I have relocated the "DEA Drug and Money Laundering Cover-up" section off the article page.
"In 2004 former DEA special agent Sandalio Gonzales along with the National Security Whistleblowers Coalition (NSWBC) approached Time magazine with a story of corruption at the highest levels within the DEA and the DOJ. The original story had started much earlier when several DEA agents with impeccable records had accused other agents in the Bogota office of assisting Columbian paramilitary forces in drug-running and money laundering activities. The agents who reported this were themselves retaliated against and the incident was covered up by the internal investigative bodies and the Department of Justice's Inspector General. A second internal report found that DEA agents in Colombia were in fact on drug traffickers' payrolls, some of these corrupt US officers were directly involved in helping Colombia's paramilitary death squads launder drug proceeds and that the implicated agents had been protected by "watchdog" agencies within the Justice Department. This paramilitary organization was in fact the United Self-Defense Forces of Colombia (AUC), which is known to have been responsible for murdering thousands of Colombians. This second report was also ignored which subsequently led, presumably, to some agents decision to go public. But after initially fervent interest from reporters at Time, Tim Burger & Tim Padgett, in which they were provided with multiple internal documents fully backing the story as well as the testimony of numerous whistleblowers, many of whom came forward at great personal risk, Time permanently dropped the story. To this day they have never offered any explanation.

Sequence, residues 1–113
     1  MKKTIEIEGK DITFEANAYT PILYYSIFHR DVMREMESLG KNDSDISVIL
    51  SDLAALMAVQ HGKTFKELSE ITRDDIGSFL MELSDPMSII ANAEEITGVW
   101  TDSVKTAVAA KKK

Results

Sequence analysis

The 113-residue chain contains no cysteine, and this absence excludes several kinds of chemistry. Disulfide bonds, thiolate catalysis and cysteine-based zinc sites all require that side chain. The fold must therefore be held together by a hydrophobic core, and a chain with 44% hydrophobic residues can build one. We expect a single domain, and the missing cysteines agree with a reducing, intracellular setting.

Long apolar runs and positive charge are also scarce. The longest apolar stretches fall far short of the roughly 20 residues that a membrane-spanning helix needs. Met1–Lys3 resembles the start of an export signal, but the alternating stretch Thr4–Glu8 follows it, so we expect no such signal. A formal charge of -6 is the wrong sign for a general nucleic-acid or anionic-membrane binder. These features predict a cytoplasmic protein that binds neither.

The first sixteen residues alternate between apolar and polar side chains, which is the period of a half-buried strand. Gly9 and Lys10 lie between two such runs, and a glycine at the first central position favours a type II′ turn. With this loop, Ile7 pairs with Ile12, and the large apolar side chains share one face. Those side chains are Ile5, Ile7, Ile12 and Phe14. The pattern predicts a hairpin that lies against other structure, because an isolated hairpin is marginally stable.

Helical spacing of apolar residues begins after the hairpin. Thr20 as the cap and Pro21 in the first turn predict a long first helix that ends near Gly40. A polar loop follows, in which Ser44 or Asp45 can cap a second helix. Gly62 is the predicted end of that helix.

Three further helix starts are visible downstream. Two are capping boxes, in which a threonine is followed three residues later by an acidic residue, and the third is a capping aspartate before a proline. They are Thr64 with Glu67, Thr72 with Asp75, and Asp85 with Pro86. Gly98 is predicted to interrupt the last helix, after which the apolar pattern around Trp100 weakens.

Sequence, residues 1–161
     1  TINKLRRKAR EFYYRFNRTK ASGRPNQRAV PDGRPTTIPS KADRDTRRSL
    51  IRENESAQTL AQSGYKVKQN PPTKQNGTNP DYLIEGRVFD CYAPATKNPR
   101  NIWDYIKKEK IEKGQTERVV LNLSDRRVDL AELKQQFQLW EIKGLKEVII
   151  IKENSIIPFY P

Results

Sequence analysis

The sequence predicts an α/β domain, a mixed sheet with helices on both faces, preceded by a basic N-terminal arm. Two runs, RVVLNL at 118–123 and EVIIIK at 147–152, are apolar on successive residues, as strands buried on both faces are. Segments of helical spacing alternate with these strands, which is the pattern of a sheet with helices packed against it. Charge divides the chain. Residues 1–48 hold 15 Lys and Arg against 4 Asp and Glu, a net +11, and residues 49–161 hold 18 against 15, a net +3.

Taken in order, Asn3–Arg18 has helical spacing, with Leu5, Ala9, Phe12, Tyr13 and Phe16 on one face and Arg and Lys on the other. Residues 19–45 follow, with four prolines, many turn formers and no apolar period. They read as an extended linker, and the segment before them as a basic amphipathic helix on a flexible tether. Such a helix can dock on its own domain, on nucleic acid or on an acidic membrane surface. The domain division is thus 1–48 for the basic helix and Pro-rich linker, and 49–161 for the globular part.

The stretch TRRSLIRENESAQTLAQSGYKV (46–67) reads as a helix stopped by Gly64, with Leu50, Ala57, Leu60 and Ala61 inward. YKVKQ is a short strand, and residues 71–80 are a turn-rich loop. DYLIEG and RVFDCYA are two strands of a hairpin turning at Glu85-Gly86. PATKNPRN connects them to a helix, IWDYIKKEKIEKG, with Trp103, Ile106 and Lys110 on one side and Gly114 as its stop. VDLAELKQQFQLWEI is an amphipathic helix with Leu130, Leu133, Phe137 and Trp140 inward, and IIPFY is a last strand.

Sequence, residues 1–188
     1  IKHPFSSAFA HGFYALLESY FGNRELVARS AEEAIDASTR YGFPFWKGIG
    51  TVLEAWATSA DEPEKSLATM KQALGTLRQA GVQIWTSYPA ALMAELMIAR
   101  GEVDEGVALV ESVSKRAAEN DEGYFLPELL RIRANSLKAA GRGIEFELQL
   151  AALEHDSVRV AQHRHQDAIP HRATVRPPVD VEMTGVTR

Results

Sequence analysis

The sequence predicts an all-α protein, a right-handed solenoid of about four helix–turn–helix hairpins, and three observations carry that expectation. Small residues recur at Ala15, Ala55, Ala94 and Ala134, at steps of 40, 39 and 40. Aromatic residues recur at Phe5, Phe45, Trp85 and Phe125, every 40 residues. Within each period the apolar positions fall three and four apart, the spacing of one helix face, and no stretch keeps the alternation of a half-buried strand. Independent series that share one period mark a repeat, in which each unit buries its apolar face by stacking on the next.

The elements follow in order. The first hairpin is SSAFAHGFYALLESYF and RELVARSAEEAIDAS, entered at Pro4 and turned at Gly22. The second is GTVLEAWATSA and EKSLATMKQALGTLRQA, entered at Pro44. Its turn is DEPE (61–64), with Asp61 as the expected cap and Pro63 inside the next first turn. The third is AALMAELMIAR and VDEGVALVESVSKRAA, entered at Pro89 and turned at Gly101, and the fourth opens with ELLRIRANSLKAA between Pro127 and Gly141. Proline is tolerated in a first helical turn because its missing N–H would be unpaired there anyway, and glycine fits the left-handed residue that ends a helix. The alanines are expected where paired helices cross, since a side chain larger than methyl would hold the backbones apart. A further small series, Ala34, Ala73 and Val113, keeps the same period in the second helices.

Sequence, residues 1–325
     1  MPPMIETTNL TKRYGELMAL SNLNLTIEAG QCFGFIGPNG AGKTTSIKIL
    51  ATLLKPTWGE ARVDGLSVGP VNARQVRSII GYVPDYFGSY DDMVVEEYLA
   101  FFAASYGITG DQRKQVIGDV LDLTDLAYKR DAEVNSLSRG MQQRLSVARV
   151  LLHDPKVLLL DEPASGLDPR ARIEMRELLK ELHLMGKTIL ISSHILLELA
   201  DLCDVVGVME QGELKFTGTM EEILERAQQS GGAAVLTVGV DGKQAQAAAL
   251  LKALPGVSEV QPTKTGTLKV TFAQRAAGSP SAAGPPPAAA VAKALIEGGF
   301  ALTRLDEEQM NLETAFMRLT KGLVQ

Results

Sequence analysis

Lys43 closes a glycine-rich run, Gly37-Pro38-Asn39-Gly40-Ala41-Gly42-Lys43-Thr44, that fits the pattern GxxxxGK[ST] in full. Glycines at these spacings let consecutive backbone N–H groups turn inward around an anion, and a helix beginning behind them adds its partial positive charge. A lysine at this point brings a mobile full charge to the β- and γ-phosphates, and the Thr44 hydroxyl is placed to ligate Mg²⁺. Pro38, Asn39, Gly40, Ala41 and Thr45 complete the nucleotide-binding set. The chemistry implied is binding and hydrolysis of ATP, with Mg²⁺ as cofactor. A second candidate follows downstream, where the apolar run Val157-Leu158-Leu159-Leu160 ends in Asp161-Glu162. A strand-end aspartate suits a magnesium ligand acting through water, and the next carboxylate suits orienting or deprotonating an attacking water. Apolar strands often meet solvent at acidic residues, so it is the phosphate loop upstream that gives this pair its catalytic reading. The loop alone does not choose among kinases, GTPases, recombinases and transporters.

As it stands the referencing is inadequate and their is some additional but still limited referencing on the cited blog page. As it stands it is asking readers to take a lot of assertions at face value.
I was also left wondering whether the story has been reported anywhere in the five years since Gonzales and others approached Time. If not, I was wondering why that is the case.--Bob Burton 18:05, 11 June 2009 (EDT)